This cheerful, long-blooming annual (or short-lived perennial) is prized for its beauty, carefree lifestyle, and ability to attract a wide variety of wildlife. The bright yellow, one-inch flowers that line the slender stems have rounded, irregularly shaped petals with red smudges and a flurry of dark red stamens. Blooming from July to September in full or part sun, this plant isn't picky about soil type as long as it is well drained. The erect stems grow 1 to 3 feet tall, tending to sprawl if they reach their tallest height. The mimosa-like foliage is said to fold inward when touched, giving it the common name “sensitive plant.” In fall, the narrow seedpods change from green to maroon and become so corkscrewed that they explode, flinging seeds everywhere. For this reason, partridge pea is best kept out of formal gardens or any area you don’t want to be constantly weeding out seedlings. However, as a member of the nitrogen-fixing legume family, it’s a great plant for improving soils, and it’s sometimes used to prevent erosion and help stabilize stream banks.
When planted en masse, partridge pea attracts a blizzard of bees. Although the flowers don’t produce nectar, they do provide plenty of pollen. The bees have to work for their powdery reward—some bees hold onto the flowers and vibrate their wing muscles to shake pollen out of the anther, while other bees use a “milking” technique to stroke the pollen out. Partridge pea has small, cup-like structures on its stems known as "extrafloral nectaries" that provide small amounts of nectar for predatory insects. These predators will eat the nectar and any plant-eating insects, including caterpillars. An example of one of these plant protectors is the velvet ant, which is actually a hairy, wingless wasp. Bumble and honey bees also spend a good amount of their time harvesting this nectar, as do some butterflies. In fact, the USDA recommends this plant for honey production.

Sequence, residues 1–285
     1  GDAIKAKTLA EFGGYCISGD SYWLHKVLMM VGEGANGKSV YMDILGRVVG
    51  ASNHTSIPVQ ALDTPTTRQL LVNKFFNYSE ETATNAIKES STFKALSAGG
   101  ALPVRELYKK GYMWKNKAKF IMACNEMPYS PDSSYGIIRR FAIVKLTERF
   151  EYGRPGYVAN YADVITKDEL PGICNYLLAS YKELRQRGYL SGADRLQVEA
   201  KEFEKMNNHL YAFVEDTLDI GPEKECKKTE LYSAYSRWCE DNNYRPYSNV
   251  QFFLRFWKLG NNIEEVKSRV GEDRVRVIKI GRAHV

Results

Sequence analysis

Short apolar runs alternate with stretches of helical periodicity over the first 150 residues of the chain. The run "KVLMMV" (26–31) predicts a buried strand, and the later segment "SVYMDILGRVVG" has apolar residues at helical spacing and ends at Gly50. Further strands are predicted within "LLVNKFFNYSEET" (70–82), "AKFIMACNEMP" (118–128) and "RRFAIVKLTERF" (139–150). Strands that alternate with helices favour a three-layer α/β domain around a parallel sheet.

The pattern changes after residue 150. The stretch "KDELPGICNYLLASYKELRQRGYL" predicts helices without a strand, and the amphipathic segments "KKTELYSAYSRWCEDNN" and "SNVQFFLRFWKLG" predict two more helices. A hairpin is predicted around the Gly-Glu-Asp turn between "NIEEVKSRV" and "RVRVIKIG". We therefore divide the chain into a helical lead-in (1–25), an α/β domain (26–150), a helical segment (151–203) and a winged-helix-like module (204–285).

Native habitats include newly disturbed soils, open woodlands, prairies, river banks, and savannas. It’s an excellent choice for meadows, woodland borders, or naturalized areas.
Grows 1-3’ tall and 1 ½’ wide.
Grows in sun or part shade.
Prefers medium-to-dry, sandy, partially acidic soils, but adapts well to clay, loam, chalky, and even poor soils as long as they are well drained. Tolerates drought.
Flowers are yellow with 5 rounded petals, up to 10 red stamens, and purple anthers. Pods are 1-2” long and contain numerous seeds.
Compound leaves are medium to yellowish green with pinnately compound leaves that have up to 20 linear leaflets. Round, hairless stalks with some branching turn from light green to reddish brown as they mature. The plant has a tap root up to 12” long.
Host plant for 7 species of lepidoptera larvae in central Ohio, including the Io moth, gray hairstreak butterfly and 4 specialists that can only feed on plants in the Chamaecrista genus. Honey, bumble, and other long-tongued bees are the primary pollinators. The nectaries attract a different group of insects, including halictid bees, wasps, flies, and ants. Colonies of this plant provide valuable cover for ground-nesting birds. The seeds are an important winter food source for small mammals, songbirds; turkey, quail, grouse and other game birds.
Medicinal, Edible, and Other Uses:
Though the plant is toxic, Native Americans used decoctions for nausea and fainting. A root medicine was used to keep people awake.
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